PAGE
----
Prepaying interest


Michael Quinn examines whether prepaying interest in the current low-rate environment makes financial sense for investors.

There is a range of eligible tax deductions that can give property investors considerable tax benefits. The ones people usually know about include expenses incurred in the existing financial year, such as interest paid on money borrowed or the payment of council rates, utility bills and various other costs involved in the maintenance of an investment property. It is not so widely known that it's possible to prepay some expenses for a rental property and claim an immediate deduction.

If you prepay a rental property expense - such as insurance or interest on money borrowed - that covers a period of 12 months or less and the period ends on or before 30 June 2010, you can claim an immediate deduction for this in your 2008/09 tax return. If a prepayment does not meet these criteria and it's $1,000 or more, the deduction claim may have to be spread over two years or more. This is also the case if you manage your rental activity as a small business entity and haven't chosen to deduct certain prepaid business expenses immediately.

What is prepaid expense?
A prepaid expense is expenditure you incur for things to be done (in whole or in part) in a later income year.

If you incur expenditure for something to be done in full in the same income year, it is not a prepaid expense and the prepayment rules do not apply.

What is the 12-month rule?
If you are a small business entity, or an individual incurring deductible non-business expenditure, you can claim an immediate deduction for prepaid expenditure under the 12-month rule if the payment is incurred for an eligible service period not exceeding 12 months and the eligible service period ends in the next income year.

For example, if you choose to prepay your council rates for the 2009/10 financial year and you do so before 30 June 2009, you are eligible to claim the cost of the payment as a deduction in your 2008/09 tax return.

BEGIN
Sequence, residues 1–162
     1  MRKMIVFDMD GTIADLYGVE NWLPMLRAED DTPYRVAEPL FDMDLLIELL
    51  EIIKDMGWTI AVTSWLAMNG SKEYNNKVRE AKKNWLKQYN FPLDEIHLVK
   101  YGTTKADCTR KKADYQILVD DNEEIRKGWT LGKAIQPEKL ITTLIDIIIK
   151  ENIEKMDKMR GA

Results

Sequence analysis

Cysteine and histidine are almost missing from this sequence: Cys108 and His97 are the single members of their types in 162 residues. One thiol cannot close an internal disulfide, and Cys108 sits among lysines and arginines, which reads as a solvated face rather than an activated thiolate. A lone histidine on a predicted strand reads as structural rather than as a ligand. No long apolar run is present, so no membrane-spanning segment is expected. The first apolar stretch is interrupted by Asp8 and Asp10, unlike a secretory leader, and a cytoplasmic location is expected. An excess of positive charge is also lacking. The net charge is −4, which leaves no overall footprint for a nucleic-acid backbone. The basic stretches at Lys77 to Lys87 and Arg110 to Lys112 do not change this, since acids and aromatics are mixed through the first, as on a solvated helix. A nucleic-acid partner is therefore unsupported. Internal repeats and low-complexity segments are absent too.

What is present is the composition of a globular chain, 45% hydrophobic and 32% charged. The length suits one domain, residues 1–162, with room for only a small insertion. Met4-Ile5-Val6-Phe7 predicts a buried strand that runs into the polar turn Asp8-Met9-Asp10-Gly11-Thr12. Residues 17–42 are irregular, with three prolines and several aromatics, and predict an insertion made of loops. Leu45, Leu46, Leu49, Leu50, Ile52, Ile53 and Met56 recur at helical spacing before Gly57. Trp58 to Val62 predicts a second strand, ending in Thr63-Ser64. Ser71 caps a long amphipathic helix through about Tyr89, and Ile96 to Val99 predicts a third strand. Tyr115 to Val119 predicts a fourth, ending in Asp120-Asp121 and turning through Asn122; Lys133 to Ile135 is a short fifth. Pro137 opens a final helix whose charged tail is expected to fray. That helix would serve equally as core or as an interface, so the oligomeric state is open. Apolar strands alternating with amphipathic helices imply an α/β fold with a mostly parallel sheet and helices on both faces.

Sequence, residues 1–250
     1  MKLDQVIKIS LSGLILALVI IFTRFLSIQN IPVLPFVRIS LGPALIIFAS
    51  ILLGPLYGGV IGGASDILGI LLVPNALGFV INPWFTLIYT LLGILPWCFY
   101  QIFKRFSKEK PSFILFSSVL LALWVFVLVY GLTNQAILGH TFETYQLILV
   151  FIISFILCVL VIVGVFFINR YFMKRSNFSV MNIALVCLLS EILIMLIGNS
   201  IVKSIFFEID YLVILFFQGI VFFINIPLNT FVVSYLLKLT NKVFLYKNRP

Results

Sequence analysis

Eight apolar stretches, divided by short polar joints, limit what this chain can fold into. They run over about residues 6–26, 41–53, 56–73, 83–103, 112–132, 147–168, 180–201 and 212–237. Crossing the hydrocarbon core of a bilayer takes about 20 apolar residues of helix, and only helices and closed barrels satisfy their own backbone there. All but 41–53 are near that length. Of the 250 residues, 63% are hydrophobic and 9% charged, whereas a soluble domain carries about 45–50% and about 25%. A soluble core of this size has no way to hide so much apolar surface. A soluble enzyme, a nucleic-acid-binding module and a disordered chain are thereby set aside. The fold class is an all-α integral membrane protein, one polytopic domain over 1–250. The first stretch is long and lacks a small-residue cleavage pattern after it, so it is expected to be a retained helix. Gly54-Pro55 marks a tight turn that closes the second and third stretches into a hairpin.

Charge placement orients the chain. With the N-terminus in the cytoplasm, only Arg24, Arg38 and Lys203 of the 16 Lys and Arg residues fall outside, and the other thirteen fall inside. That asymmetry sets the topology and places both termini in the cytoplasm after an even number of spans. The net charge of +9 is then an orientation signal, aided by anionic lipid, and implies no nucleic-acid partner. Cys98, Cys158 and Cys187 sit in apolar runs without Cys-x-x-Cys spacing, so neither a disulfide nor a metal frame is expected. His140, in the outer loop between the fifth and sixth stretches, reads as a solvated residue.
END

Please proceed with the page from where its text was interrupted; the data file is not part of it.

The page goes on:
What is non-business expenditure?
Non-business expenditure is any expenditure you incur in gaining assessable income from activities that do not relate to carrying on a business. The most common forms of non-business expenditure are amounts incurred by individual taxpayers in gaining their assessable salary and wage income. Other examples include certain expenditure made for a rental property or shares held purely as a passive investment.

Summary of rules including the 12-month rule

  • Prepaid expenditure that is subject to the tax shelter rules is apportioned over the eligible service period or 10 years, whichever is less
  • If you are an individual, your prepaid non-business expenditure is immediately deductible under the 12-month rule if:
    a) the eligible service period for the expenditure is 12 months or less, and
    b) the period ends no later than the last day of the income year following the year in which the expenditure was incurred
  • If you are an individual, you apportion your deduction for prepaid non-business expenditure over the eligible service period or 10 years, whichever is less, if the eligible service period is more than 12 months or it ends after the last day of the next income year.

Calculation of your deduction if the 12-month rule is satisfied
If you incur prepaid non-business expenditure and its eligible service period is 12 months or less, and it ends on or before the last day of the next income year, you are entitled to deduct that expenditure in the income year it was incurred.

In most cases, perhaps the most significant tax benefit can be gained from prepaying interest as this is usually the largest sum of money that's paid regularly in relation to an investment property.

It is also important to consider that you need cash available in order to prepay interest and at 5% or similar low interest rates, there may be better uses for your spare funds.

Additionally, at interest rate levels of 4% or 5% such as the market is currently offering, taxpayers should consult their accountant to discuss fixing their interest rates as we are approaching 40-year lows and this could provide some welcome stability in terms of future interest payments.

This information and examples are intended to provide general information in regard to the prepaying of interest and the potential tax savings that may be made. Each individual situation is different and for this reason, it is recommended you seek the professional advice of an accountant. This ensures that you are taking the correct action to maximise your particular circumstances yet still complying with the necessary legal requirements.

Michael Quinn, Director of The Quinn Group, is an experienced lawyer, accountant and educator. As an integrated professional services firm, The Quinn Group provides the Total Solution. Clients have access to a range of services that include: Accounting and Taxation Advice, Legal Counsel as well as Financial and Investment Planning.

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